Usually the sheriff of Area Five sat in the center of the room, but tonight he was in the corner booth. He watched me approach. I knew he was taking in my jeans, which were on the tight side, and my tummy, which was on the flat side, and my soft fuzzy white sweater, which was filled with natural bounty. I should have worn my frumpiest clothes. (Believe me, I have plenty in my closet.) I shouldn't have carried the cranberry coat, which Eric had given me. I should have done anything but look good for Eric - and I had to admit to myself that that had been my goal. I'd blindsided myself.

Eric slid out of the booth and rose to his considerable height - around six foot four. His mane of blond hair rippled down his back, and his blue eyes sparkled from his white, white face. Eric has bold features, high cheekbones, and a square jaw. He looks like a lawless Viking, the kind that could pillage a village in no time at all; and that's exactly what he had been.

Vampires don't shake hands except under extraordinary circumstances, so I didn't expect any salutation from Eric. But he bent to give me a kiss on the cheek, and he gave it lingeringly, as if he wanted me to know he'd like to seduce me.

He didn't realize he'd already kissed just about every inch of Sookie Stackhouse. We'd been as up close and personal as a man and a woman could be.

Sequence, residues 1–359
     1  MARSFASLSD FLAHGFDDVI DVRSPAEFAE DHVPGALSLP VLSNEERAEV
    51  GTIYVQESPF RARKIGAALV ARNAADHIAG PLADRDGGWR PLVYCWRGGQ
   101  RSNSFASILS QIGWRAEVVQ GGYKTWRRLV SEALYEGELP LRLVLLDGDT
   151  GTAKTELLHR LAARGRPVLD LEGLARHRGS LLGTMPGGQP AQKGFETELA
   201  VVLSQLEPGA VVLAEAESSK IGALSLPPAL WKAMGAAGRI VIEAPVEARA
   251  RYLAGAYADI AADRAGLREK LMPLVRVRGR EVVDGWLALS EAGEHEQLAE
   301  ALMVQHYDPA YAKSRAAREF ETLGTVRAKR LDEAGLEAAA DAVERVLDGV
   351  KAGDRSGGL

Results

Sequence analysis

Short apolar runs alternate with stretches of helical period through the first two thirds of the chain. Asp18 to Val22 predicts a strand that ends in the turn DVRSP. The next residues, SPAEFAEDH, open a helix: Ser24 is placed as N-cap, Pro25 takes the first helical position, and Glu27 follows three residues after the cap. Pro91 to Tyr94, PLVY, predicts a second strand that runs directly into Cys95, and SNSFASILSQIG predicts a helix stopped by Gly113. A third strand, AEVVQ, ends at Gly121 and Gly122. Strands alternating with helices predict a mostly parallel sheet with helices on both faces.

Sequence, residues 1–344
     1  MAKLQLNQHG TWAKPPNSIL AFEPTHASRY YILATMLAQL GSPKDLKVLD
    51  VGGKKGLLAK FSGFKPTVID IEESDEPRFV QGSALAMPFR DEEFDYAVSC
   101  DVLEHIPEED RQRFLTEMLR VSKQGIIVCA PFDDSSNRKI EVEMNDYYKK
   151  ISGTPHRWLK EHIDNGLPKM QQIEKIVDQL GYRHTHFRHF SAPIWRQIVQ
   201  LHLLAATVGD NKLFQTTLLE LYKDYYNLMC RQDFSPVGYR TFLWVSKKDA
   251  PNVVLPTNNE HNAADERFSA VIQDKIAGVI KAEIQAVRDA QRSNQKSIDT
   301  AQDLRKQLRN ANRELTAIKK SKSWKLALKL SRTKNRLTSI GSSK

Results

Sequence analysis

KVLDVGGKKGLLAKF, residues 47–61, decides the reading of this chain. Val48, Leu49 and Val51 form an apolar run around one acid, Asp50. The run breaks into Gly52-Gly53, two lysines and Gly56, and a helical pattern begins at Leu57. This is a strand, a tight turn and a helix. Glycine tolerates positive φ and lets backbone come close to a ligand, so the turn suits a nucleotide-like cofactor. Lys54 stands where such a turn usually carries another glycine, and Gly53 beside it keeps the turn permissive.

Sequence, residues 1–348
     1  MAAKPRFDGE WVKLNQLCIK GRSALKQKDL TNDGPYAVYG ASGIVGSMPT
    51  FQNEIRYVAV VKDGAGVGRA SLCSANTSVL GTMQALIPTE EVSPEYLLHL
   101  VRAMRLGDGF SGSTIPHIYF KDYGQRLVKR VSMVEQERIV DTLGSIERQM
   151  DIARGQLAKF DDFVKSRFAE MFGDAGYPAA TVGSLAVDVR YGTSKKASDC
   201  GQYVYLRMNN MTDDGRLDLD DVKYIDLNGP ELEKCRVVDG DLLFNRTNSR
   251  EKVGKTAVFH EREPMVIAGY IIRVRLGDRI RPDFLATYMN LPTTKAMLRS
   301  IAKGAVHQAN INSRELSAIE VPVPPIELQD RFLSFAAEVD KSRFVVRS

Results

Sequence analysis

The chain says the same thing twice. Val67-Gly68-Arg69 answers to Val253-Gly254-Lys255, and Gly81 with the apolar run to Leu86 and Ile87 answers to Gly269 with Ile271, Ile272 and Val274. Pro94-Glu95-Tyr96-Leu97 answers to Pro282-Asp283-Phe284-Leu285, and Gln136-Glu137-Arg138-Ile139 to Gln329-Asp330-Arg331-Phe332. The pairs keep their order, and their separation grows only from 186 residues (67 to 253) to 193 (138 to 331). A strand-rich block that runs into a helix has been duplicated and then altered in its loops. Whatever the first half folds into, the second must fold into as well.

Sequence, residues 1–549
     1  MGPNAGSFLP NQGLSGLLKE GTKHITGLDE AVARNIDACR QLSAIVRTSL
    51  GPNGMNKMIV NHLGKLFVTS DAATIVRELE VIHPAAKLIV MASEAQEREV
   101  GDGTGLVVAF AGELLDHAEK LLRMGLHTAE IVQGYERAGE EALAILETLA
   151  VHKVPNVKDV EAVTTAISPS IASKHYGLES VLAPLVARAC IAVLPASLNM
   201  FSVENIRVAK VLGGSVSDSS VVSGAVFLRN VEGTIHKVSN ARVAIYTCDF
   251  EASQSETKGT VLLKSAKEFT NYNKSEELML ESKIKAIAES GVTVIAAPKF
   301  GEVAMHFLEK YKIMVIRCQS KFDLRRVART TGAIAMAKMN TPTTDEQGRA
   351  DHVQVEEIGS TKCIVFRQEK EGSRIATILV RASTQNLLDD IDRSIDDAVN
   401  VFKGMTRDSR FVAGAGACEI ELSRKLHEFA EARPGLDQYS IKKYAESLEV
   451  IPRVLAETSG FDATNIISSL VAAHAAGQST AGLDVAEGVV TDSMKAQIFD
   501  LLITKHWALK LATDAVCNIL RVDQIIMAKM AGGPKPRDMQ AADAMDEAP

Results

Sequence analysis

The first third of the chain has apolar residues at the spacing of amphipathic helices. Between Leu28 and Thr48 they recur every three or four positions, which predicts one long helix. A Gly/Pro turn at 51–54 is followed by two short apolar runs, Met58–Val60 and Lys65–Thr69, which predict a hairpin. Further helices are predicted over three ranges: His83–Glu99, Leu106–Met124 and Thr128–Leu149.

Eric just couldn't remember anything about it. I wanted it to stay that way. Well, not exactly wanted; but I knew it was better all the way around if Eric didn't recall our little fling.

"What pretty nail polish," Eric said, smiling. He had a slight accent. English was not his second language, of course; it was maybe his twenty-fifth.

I tried not to smile back, but I was pleased at his compliment. Trust Eric to pick out the one thing that was new and different about me. I'd never had long nails until recently, and they were painted a wonderful deep red - cranberry, in fact, to match the coat.

"Thank you," I murmured. "How you been doing?"

"Just fine." He raised a blond eyebrow. Vampires didn't have variable health. He waved a hand at the empty side of the booth, and I slid into it.

"Had any trouble picking up the reins?" I asked, to clarify.

A few weeks previously, a witch had given Eric amnesia, and it had taken several days to restore his sense of identity. During that time, Pam had parked him with me to keep him concealed from the witch who'd cursed him. Lust had taken its course. Many times.

"Like riding a bicycle," Eric said, and I told myself to focus. (Though I wondered when bicycles had been invented, and if Eric had had anything to do with it.) "I did receive a call from Long Shadow's sire, an American Indian whose name seems to be Hot Rain. I'm sure you remember Long Shadow."